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e.g. RBM3, insulin, CD36
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Pathology Atlas

Welcome to the Pathology Atlas in which the patient overall survival as a consequence of the transcript levels of all individual human genes can be explored across all major cancer types. Here, individual genes and/or various cancer types can be investigated using an interactive and open access database. The atlas is described in more detail by Uhlen et al "A pathology atlas of the human cancer transcriptome" in Science (August 18, 2017). Read more

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Cell Atlas

Spatial partitioning of biological processes is a phenomenon fundamental to life. The Cell Atlas resolves the spatial distribution of the human proteome at a subcellular level. A multitude of high-resolution confocal images are presented in this interactive database; describing organelle proteomes, multilocalizing proteins and single cell variations - altogether detailing the complex map of the human cell. Read more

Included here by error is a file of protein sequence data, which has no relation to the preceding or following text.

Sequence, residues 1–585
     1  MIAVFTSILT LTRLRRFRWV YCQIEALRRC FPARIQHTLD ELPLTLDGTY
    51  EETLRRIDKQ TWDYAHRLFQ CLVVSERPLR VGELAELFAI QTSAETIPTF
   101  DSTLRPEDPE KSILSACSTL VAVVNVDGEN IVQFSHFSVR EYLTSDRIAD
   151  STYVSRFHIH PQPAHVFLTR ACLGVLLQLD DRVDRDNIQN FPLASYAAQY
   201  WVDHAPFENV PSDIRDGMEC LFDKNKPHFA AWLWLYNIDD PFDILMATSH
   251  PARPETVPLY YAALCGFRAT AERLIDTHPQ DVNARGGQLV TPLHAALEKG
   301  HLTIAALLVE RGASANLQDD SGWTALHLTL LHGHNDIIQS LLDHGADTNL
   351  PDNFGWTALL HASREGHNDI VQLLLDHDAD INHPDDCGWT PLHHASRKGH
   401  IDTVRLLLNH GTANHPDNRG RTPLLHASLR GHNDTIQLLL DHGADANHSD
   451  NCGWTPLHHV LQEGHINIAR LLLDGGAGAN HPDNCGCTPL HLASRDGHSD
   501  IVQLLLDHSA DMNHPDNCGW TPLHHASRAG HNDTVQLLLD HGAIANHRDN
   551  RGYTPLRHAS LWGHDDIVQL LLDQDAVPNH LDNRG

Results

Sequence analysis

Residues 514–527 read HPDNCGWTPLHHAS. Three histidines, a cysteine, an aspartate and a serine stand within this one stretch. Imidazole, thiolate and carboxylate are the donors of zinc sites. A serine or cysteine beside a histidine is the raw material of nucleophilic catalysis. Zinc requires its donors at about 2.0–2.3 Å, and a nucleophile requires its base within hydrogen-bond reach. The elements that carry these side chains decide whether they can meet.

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Tissue Atlas

The tissue-restricted expression of the human proteome and transcriptome can be explored in all major tissues and organs in the human body. The list of genes with elevated expression in a particular tissue can be accessed with direct links to the primary data (images).

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  • read the latest article in the blog - published Wed, 29 Nov 2017
    The Human Protein Atlas Blog
    ASCB/EMBO meeting starts on the 2 December

    The American Society for Cell Biology (ASCB) and the European Molecular Biology Organization (EMBO) jointly organize the first international conference on cell biology of brain. The ASCB/EMBO meeting takes place in Philadelphia on the 2-4 of December 2017.... Read more

  • read the published full story of the subcellular proteome analysis
    Research Article
    A subcellular map of the human proteome
  • image of the day
  • enriched and group enriched genes in testis
  • dictionary: histology of Thyroid gland
  •    fiber specific expression of myosin, light chain 3 in skeletal muscle
Version: 17
Atlas updated: 2017-08-17
release history

Proteome analysis based on
25682 antibodies targeting
16998 unique proteins.
The Human Protein Atlas project is funded
by the Knut & Alice Wallenberg foundation.